What's Your Mental Model?
There are many reasons for conflict but they ultimately can be distilled into the fact that we all have different mental models of how the world works. These mental models are both helpful and hurtful. On the one hand, they are incredibly helpful in the way that they simplify our lives and save us the energy of having to rethink every single viewpoint we have each time we’re confronted with a situation.
These models are all contextual. We have different models for each facet of life, from who we decide to be friends with, to what kind of music we listen to, to the kinds of food we eat and the make of car we drive.
Your parameters and mental model for restaurant selection might be that the restaurant use only locally grown produce and have primarily a vegetarian selection at reasonable prices. Your friend might have a mental model that dictates they only dine in higher end restaurants that have the finest wines and choicest cuts of meat. These are the opposite ends of the spectrum and there probably isn’t much of a compromise for the people at either end in finding a place they can dine together (i.e. the financial aspect alone is in essence a “deal breaker” if neither is willing to budge).
Or take for example your choice in where you live. One person wants to live in a metropolitan area surrounded by activity, shops, theater, restaurants, galleries, and diversity and their partner wants to live in a rural or small town atmosphere where there is grass in between the houses and one stop sign in town.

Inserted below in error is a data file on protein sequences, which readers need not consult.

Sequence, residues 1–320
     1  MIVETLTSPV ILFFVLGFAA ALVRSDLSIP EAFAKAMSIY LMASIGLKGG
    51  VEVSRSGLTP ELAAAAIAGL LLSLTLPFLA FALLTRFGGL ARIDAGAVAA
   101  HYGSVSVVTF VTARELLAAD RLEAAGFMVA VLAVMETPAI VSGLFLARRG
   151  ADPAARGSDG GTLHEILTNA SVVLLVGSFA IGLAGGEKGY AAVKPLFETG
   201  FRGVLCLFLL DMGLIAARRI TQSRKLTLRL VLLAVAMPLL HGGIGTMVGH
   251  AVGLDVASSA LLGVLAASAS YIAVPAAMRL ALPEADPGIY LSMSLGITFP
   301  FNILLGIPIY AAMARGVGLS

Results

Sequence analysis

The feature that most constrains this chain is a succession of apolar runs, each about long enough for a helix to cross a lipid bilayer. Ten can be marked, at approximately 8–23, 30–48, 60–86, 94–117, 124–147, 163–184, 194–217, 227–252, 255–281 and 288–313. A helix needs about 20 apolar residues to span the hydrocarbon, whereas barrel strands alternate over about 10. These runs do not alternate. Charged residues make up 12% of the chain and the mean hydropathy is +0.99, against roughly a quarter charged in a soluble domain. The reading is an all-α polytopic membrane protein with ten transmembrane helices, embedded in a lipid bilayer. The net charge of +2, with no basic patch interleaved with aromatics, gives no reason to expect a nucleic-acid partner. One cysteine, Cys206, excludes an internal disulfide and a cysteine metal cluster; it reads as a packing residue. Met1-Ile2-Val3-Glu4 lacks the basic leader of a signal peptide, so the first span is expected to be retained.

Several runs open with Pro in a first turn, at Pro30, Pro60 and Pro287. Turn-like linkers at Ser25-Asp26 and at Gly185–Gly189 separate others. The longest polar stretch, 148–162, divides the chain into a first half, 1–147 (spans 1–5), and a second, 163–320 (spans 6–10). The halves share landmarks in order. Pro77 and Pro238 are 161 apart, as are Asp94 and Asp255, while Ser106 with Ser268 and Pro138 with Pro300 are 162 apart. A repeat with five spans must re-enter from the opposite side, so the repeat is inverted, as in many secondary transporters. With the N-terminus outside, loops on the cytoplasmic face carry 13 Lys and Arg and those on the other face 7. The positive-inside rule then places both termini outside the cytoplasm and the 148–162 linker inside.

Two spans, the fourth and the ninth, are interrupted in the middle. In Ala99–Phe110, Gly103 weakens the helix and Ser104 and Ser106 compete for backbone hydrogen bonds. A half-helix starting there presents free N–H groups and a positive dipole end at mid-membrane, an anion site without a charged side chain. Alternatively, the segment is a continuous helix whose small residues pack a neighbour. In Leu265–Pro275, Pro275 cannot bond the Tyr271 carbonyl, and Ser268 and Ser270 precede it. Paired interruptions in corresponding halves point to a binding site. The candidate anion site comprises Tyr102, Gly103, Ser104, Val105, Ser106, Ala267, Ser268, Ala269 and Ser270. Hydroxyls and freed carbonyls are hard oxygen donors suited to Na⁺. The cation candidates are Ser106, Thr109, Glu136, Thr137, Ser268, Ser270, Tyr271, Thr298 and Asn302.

We don’t really understand consciously that these mental models are in action until we come up against someone who has opposing mental models. If you’re among likeminded people in an isolated atmosphere, you can definitely avoid the knowledge of personally understanding there are other models of the world that are possible. It’s not that you don’t realize these other beliefs are out there, however, because you know differences of belief are out there at least according to television, movies, and the internet.
Problem arise when we are not conscious of our mental models. We can get stuck and be stubborn and think ours is the only way. I’ve seen this happen with older folks in my family — there’s a right way and a wrong way, and that’s how it is. Period. They think that there is only one way for the world to work and the problems of the world lay in the non-compliance of everyone who doesn’t share their world view.
That would be an incredibly heavy burden, to be the keeper of the “truth” as to how the world works.
How does this fit into persuasion? Well, this falls under the heading of knowing thyself. When we excavate our own mental models, we can reverse engineer where things aren’t working, or if they are working, we can reverse engineer to see how we’ve become so successful at what we manifest.
Until Next Time,
Kenrick E. Cleveland